Washington — Connecticut Democratic Senator Chris Murphy lambasted the Trump administration for its handling of the coronavirus outbreak and said the federal government has "no concept" of the virus' spread due to a lack of extensive testing.
Connecticut is one of the 33 states with confirmed cases of coronavirus, though Murphy believes there could be "hundreds if not thousands" of additional unknown cases in his home state.
"I think we have no concept of the scope of this epidemic yet because we have not been able to test," Murphy said Sunday on "Face the Nation." "The fact of the matter is we can't make good judgments about the measures we should be taking in Seattle or Danbury or Hartford unless we are able to do these tests."
There have been more than 107,000 confirmed cases of the coronavirus worldwide and nearly 500 in the U.S., with the most in Washington state. Seventeen people alone have died in Washington, as well as two more in Florida and one in California.
As local and state officials work to limit the spread of the deadly virus, including by postponing events that draw large crowds and in few cases canceling school, the Trump administration is facing scrutiny for its readiness to address the outbreak, which began in Wuhan, China, but has since spread to more than 100 countries.
President Trump on Fridayemergency supplemental spending package, which funds research and development of a vaccine, support for state and local governments and assistance for small businesses impacted by the outbreak.
But a significant issue is the availability of tests in the U.S., a lack of which may have allowed the virus to spread undetected for weeks, critics warn.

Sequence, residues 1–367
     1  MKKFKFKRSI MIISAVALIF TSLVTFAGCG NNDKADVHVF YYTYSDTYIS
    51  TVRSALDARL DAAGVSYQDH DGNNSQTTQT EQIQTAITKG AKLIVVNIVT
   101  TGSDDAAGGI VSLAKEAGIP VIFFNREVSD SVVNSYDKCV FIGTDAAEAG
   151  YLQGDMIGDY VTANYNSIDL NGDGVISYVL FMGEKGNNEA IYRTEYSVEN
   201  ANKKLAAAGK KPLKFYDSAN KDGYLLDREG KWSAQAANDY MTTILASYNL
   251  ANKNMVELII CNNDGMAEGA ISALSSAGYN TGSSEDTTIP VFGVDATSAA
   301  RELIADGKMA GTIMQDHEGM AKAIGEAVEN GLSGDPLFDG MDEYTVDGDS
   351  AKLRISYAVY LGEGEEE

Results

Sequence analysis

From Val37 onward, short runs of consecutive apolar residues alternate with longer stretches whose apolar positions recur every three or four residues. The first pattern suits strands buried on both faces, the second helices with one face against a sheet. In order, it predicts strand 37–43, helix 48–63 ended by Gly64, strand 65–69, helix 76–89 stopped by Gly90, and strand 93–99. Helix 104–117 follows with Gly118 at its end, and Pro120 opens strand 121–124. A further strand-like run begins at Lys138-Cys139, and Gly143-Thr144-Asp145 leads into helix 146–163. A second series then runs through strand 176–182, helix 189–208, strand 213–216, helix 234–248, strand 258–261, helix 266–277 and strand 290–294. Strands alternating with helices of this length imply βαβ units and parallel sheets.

"What is unforgivable is that the administration didn't see this coming and didn't put the resources in early to make sure everybody had these tests available," Murphy said.
The Connecticut Democrat said he believes that local and state officials will "likely have to take stronger measures as time goes on." But he said no one will know where the virus is the worst until tests are widely deployed.
"We saw this epidemic coming," he said. "We could have made a decision back in January or February to accept the [World Health Organization] test that was available to us or start putting serious resources into developing our own test. And the administration did neither."
Murphy accused the president of creating a "culture of misinformation in which no one wants to give him bad news."
"That created a disincentive in the White House and in the administration to come up with an early test," he said.
While there have been a limited number of school and business closures in the U.S., Murphy warned Americans should be "prepared" for that to occur.
"We need to understand that no city is going to take those measures unless there is some assistance from the federal government," he said. "So what we should be talking about right now are things like paid sick leave, putting the federal government in a position to be able to assist workers if they have to stay home to take care of a sick child or to quarantine themselves. Instead, we're talking about industry bailouts and tax cuts. We should be talking about assistance for average Americans."